Like Emma at Vineland, Henry was not exactly mistreated in HIS schools, either. He won prizes for his speeches, was involved with the school newspaper and the brand-new YMCA (much more religiously-oriented than it is now.) And, in spite of his deceptively compact form and smallish hands, he played on the football team, back when the game, more like rugby then, lacked all modern pretenses at safety. Later, he was even, briefly, a football coach while also teaching in a college in California. Eventually, fulfilling a boyhood dream, the surprisingly sturdy Henry found time to go mountain-climbing in Europe while there for psychological conferences !
He made a fair number of life-long friends, but in boyhood, he was quiet and shy ---unless overwhelmed with a new enthusiasm (not always a good thing, like when he later became enamored and then obsessed with intelligence studies.) He developed another trait that reflected his fatherless state: When seized by his enthusiasms, he eagerly, perhaps TOO eagerly, sought approval and acquaintance with prominent men in whatever field his interests currently lay. (Also, sometimes not a good thing.) It was, indeed, this life-long tendency toward almost boyish eagerness, even ingenuousness, which endeared him to his friends, to such an extent that, in his old age, he himself derided his "childishness."
Henry was not very attractive as a youth, with an oblong head, topped by a receding hairline by his teens, and a long nose, all of which he later brought into balance with a substantial mustache. He was already repressing whatever resentments he had against his absent mother, dead father, busy sisters and brothers-in-law, and, of course, his teachers. In old age, Henry would write of the occasions he had been made to feel lonely and incompetent, and that he HAD initially felt empathy with his Vineland pupils. "I was one of them!"
Henry's destiny seemed to be as an undistinguished teacher in a series of small Quaker schools. It was during one sojourn that he met his wife, Emma Florence Robbins, a fellow teacher. She was over a year older, but petite and pretty; however, she was noted for being "strong-willed." (This may have been the result of being raised, along with many siblings, by a very determined widowed mother who ran the family farm on her own after her husband's early death.) Even so, Emma seemed to be just what the young, lonely Henry needed--- he married her just before his 23rd birthday. He let her set the rules of their home, and, perhaps because they remained childless, the couple was more devoted than most. When apart, they wrote each other several times a day. Observers would comment 25 years later that the Goddards still behaved like love-struck teenagers. Henry would even write to a male colleague that he couldn't come to a meeting he'd been looking forward to, because Emma was sick, and he acted as "nurse and cook." When she died in 1936 (by which time the couple was living in Illinois) Henry's grief and depression was so intense, that his friends all the way back in Vineland worried about him.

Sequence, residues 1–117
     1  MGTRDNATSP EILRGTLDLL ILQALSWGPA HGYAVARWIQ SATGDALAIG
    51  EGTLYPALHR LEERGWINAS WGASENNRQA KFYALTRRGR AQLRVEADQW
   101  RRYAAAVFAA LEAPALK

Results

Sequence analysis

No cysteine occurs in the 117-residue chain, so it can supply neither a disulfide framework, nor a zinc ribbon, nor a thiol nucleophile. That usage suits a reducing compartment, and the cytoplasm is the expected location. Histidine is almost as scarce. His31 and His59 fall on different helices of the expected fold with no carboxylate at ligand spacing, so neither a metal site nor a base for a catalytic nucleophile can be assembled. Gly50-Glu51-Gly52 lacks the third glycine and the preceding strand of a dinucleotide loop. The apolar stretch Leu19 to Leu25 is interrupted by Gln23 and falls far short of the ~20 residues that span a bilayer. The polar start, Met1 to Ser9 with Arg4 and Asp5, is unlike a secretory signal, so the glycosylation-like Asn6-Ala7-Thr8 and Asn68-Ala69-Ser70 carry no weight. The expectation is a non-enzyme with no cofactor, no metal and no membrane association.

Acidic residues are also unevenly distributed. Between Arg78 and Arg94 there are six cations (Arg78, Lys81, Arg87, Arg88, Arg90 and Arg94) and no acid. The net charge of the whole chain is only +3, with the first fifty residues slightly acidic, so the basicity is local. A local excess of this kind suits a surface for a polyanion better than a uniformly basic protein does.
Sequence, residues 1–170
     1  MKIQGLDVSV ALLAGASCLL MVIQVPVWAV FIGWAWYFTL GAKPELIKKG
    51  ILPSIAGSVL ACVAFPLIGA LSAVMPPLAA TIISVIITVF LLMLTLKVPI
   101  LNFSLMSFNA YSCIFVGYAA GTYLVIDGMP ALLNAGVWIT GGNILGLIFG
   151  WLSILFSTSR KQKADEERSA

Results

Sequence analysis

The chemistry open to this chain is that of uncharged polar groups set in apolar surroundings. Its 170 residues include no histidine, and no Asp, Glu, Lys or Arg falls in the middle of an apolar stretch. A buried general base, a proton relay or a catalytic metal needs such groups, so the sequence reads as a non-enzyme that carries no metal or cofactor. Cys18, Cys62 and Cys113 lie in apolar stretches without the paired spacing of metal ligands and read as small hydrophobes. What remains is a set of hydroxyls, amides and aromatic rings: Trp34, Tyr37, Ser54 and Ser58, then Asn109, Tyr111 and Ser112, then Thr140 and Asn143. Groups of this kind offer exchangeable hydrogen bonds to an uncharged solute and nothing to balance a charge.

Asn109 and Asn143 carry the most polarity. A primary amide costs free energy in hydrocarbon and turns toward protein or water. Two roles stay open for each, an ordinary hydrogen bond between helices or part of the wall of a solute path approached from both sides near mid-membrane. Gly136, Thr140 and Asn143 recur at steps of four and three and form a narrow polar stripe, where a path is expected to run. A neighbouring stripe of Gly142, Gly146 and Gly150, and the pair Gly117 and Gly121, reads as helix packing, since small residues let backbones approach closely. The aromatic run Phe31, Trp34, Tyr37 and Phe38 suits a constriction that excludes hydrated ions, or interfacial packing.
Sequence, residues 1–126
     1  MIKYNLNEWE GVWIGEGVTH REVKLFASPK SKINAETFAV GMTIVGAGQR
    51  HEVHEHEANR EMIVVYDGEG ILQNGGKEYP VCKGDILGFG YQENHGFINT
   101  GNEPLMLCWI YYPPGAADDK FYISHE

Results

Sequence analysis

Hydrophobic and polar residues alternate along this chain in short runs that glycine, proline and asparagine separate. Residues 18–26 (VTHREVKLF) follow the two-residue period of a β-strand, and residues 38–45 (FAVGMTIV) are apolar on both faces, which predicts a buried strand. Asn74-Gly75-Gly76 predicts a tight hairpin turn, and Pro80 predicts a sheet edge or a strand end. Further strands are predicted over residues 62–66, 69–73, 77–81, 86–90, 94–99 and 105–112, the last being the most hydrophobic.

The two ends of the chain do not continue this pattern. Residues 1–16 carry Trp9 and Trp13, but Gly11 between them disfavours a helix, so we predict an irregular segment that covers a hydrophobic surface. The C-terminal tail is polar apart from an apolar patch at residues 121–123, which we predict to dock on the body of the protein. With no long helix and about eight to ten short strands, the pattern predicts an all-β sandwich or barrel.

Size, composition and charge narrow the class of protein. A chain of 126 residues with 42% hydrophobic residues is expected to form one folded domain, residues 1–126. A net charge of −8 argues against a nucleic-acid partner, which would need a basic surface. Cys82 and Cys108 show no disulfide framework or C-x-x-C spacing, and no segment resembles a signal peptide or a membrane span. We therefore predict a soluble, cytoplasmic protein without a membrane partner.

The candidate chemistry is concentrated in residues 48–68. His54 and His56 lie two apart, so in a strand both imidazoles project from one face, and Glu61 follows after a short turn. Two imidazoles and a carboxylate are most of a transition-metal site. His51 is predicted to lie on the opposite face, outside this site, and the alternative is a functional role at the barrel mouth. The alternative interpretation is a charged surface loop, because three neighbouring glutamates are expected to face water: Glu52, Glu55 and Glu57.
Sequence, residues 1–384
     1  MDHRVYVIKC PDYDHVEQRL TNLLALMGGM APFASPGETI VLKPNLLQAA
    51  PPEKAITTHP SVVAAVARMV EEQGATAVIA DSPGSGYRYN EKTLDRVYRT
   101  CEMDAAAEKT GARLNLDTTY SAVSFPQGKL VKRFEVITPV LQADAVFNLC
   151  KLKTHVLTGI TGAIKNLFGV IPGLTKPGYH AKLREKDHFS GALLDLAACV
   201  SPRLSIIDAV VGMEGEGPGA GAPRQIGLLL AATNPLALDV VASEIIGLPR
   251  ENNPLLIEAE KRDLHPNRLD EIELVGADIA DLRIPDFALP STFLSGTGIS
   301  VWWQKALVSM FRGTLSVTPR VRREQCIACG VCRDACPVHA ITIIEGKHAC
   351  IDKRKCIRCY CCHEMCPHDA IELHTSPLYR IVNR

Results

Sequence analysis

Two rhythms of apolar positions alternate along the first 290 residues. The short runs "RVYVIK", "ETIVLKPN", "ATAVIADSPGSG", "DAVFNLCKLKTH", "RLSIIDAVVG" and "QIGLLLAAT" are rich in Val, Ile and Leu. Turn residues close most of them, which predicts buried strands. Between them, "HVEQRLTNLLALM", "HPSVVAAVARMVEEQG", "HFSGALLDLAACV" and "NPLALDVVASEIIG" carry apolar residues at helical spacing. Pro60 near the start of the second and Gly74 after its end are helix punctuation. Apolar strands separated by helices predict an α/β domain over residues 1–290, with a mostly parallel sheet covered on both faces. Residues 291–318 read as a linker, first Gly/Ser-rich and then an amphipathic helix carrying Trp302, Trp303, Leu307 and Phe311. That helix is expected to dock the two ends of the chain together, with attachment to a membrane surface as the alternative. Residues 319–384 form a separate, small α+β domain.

But that is getting ahead. Goddard had become interested in the new science of psychology. This meant psychology in its original, purest form, looking for standardized means to scientifically study and quantify human behavior and thought, rather than interacting in a clinical setting to solve the clients' problems. Goddard, as one might have expected of a teacher, was especially interested in the VERY new field of child psychology. He was influenced by the ideas of G. Stanley Hall, a strongly religious pioneer of the emerging discipline. Goddard attended Hall's classes at Clark University in Illinois, and graduated in 1899 with a degree in psychology.
This took place during a time when the first national push for public education was taking place, especially in urban areas, and especially of the waves of immigrants and their children coming over at the turn of that century. The new schools were fraught with problems, including the spread of various diseases and vermin (natural amongst great numbers of children herded together), and also how to handle behavioral, intellectual, and emotional variations that interfered, not only with the school's obvious purpose to teach the "3 R's", but the unstated mission of indoctrinating future citizens to "American" standards of conformity and class. (Based upon Anglo-Saxon Protestant culture, as you might have guessed.)
Like most bureaucracies charged with the solution of huge problems, the developing public school boards went looking for quick, cheap, "one-size-fits-all" solutions.
(to be continued)
Smith, John David
Minds Made Feeble: The Myth and Legacy of the Kallikaks
Pro-Ed (Austin, Texas), 1985
Measuring Minds (Henry Herbert Goddard and the Origins of American Intelligence Testing , Cambridge University Press (Cambridge,U.K.; N.Y.C., N.Y., U.S.A.; Melbourne, Australia; Madrid, Spain; Cape Town, South Africa), 1998, 2001
The ********* Family History, 1693-1850 and beyond (private)